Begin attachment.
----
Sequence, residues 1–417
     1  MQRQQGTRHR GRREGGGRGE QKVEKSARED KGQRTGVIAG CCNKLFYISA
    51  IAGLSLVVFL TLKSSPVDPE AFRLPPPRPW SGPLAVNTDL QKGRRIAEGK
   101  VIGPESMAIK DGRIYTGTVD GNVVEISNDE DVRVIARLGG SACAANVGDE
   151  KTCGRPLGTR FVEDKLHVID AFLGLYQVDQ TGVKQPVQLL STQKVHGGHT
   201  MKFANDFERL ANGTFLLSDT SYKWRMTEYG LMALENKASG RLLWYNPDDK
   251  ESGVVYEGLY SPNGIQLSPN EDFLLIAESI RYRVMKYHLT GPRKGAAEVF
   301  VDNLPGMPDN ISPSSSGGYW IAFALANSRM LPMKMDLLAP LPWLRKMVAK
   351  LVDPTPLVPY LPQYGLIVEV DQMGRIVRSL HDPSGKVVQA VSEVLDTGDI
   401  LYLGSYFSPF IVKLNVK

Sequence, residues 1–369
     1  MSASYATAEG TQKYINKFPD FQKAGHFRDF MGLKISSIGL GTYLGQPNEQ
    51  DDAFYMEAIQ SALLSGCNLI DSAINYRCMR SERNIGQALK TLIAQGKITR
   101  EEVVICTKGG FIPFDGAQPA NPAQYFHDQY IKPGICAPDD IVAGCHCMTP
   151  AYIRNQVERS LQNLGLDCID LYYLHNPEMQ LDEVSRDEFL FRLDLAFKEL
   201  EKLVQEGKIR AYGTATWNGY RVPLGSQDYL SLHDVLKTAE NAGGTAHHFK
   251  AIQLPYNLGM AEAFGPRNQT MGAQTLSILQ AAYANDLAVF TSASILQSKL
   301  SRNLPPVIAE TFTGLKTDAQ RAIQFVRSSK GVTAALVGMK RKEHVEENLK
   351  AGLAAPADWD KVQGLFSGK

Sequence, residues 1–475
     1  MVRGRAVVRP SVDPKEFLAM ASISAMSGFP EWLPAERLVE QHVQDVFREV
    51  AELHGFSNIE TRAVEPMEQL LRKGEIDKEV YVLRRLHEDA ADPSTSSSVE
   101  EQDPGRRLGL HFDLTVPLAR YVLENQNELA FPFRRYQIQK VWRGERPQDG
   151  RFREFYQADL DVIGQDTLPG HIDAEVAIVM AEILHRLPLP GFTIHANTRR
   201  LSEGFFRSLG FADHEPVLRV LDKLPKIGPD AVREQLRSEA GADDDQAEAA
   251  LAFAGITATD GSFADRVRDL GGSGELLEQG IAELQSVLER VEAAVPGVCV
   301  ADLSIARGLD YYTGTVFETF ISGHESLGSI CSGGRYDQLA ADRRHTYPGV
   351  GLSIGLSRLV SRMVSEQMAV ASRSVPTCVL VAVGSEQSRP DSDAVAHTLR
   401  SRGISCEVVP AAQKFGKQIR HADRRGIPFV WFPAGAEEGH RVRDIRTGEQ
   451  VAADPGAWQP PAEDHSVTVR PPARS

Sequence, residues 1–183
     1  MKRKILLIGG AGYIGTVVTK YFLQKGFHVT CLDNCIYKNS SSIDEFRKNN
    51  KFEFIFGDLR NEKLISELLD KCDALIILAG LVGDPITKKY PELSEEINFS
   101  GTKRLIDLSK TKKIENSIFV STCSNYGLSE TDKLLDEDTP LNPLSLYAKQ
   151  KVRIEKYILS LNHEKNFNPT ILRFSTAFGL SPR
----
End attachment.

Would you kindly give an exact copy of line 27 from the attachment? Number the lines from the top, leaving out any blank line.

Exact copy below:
   301  ADLSIARGLD YYTGTVFETF ISGHESLGSI CSGGRYDQLA ADRRHTYPGV